Links 3/19/09

Global crisis ‘to strike by 2030‘ BBC

Fintag Comment Fintag (hat tip reader Richard). Excel is the cause of the crisis. No, seriously.

Shell dumps wind, solar and hydro power in favour of biofuels Guardian

Suze Orman Says Build Up Emergency Cash As Much As Possible Consumerist. Zeitgeist watch.

Dissecting the A.I.G. Bonus Contract Steven Davidoff, New York Times

Steeling for 80% export drop Shanghai Daily (hat tip reader Michael). The Baltic Dry Index has also fallen 20% in the last five days.

Slaughtering sacred cows: it’s the turn of the unsecured creditors now Willem Buiter. The one point where I think he is wrong is in his assumption that the US has anything approaching a regime for winding up a Goldman or Morgan Stanley, but that’s not central to his argument.

Credit Booms and Prices Slide Caijng Economics (hat tip reader Michael). More questions about credit growth in China.

I know the chances are slim, but is there anyone who works for AIG that can tell us what the hell is going on internally? Reditt. I have no idea whether the response is legit, but given how rambling it is, my hunch is yes.

Antidote du jour (from the Times Online):

Kasper, right, a three-month-old white lion cub, plays with zookeeper Nadja Radovic’s hair in the lions’ enclosure at Belgrade Zoo, Serbia. The cub, an extremely rare subspecies of the African lion, was born on December 9 in Belgrade Zoo. White lions are unique to the Timbavati area of South Africa and are not albinos but a genetic rarity

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  1. Anonymous

    re: global crisis.

    Hasn’t someone, somewhere, been predicting the end of the world from like the time of Jesus Christ? (read Revelations!!!) Remember the claims back in the 70’s that the world was heading into another Ice Age???

    Now it’s Global Warming. I suspect our children will look back at us and chuckle.

  2. retread

    4:16, your comments make clear you didn’t read the article. we are supposed to take you seriously?

    I suggest you read Jared Diamond’s Collapse. believe it or not, cultures have suddenly imploded. you might bother learning why.

    and if you understood Taleb, your logic is faulty too. a bunch of confirming sightings don’t prove the opposite is impossible.

  3. Anonymous


    “a bunch of confirming sightings” doesn’t confirm the possibility (or more accurately, the certitude) of the opposite (ie. something “bad” happening).

    By your post, I understand that you’re not capable of understanding my argument and that you are one of the many who subscribe blindly to Al Gore’s arguments.

    I suggest you read the following to find enlightenment, and then ask yourself whether we’ll still be concerned with global warming in 30 years when it turns out to not be the “problem” the scientific community (who receive millions in grant money to “study” this “problem”) make it out to be.

  4. Richard Smith

    Er, anonymous of 4:48, the doughty retread has it right, and if the first sentence of your comment is anything to go by, you need a spot of remedial on modal logic.

    You are right, climate experts were wrong 30 years ago. But the relevant question is whether the claims made by the new generation of climate “experts” are correct, isn’t it?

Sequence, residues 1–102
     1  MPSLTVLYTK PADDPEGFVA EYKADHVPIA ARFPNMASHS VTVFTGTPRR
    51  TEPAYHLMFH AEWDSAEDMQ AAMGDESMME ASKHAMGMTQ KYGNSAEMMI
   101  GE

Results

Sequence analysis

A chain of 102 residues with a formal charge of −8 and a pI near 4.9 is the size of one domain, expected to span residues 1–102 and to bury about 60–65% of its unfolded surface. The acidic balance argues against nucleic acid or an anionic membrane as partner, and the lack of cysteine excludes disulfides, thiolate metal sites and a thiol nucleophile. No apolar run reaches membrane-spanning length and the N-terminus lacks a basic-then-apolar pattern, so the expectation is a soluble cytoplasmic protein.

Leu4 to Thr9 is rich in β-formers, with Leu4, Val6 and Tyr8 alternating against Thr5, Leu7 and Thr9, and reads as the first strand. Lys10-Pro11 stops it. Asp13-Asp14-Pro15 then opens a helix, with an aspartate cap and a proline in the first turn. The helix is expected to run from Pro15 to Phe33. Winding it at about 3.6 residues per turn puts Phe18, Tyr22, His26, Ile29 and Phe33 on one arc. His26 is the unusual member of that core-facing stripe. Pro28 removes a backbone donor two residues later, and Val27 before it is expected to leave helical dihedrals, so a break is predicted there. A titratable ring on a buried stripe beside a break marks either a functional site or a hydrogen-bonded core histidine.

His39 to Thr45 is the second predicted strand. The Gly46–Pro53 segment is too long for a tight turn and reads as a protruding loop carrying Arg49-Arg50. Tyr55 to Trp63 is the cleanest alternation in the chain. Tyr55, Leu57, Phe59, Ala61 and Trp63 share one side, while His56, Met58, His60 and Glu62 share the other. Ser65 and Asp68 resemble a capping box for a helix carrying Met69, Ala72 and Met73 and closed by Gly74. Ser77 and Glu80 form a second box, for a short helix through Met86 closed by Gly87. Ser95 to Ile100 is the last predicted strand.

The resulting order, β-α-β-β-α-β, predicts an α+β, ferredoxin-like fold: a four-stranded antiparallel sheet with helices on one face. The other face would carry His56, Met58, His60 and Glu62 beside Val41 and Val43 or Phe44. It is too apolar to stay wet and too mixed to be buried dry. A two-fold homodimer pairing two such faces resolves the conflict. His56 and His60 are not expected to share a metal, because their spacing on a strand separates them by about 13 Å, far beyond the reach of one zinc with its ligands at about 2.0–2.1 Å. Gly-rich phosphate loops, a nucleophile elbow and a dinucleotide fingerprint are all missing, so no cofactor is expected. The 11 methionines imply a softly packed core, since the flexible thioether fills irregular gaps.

Past errors imply the question is a difficult one, not that the new answer is wrong.

  5. Anonymous


    In the comments to the AIG/Liddy post last evening, you and a reader had an exchange about outrage over exec compensation being substantive, b/c the compensation of millions was a fraction of the billions trashed to extract it.

    It's the exact same short-sighted rationale at play when politicians award legislation that benefits parties with millions or billions (regardless of the long-term social & economic consequences), for a meager $100k campaign contribution. Or a drug dealer hobbles his community for a quick buck.

    Personally, I think it all comes down to TV and other technology that has made us more isolated, focused inward. Regardless, we've been on this trajectory for a long long time. I think that's why these bonuses sting so much — it's not because they exemplify greed (and a lack of shame), but because its proof that even total obliteration hasn't shaken them from this failed negative-trajectory behavior pattern. To top it off, our intelligence is insulted and our confidence further eroded when we're told that these proven-losers are the golden few capable of cleaning up the mess

    I don't want to see the AIG folks paraded on TV (I actually left several comments speculating as to how go about uncovering their identities.) From the rambling testimonial of a potential AIG-related VP, I don't if the company 'morale' (and HR dept) can withstand such fury.

    What can be done to keep AIG from leveling everything, but still allow for investigation of fraud to detox the place?

    Is there some way that AIG's recovery can be made more transparent (for the sake of easing tension inside), without leaving it naked to those who'd make a quick profit by expediting its demise. Is there anything besides poor business practice blocking this (like greed, concealing fraud/protecting fraudulent individuals?)

    There's been lots of talk of what a Citi of BoA nationalization would look like, but not as much AIG (which seems to be very different, but perhaps a real opportunity depending upon how much of a keystone it really is in this mess.

  6. Anonymous

    I have a real problem with hearing words along these lines.. “destruction of ____ dollars of wealth.”

    Like it was launched into the sun.

    This was all imaginary money, cooked up through mark-to-market, insurance gambles… it wasn’t lost, it was supposed. And taking it from somewhere else (taxpayers, printing) isn’t going to make it real. Even when the poor surrender their wealth, they don’t just sit and wait at “0.” They run a deficit, and sell their own peace of mind out, for a quick buck to relieve the pain (hopefully via food.) That loss of peace comes at a huge cost that takes decades or generations to reconcile. Even physically speaking, there must be negative neurological/physiological effects from swallowing such experiences — just ask someone with PTSD. How much of the world has to persist in this state?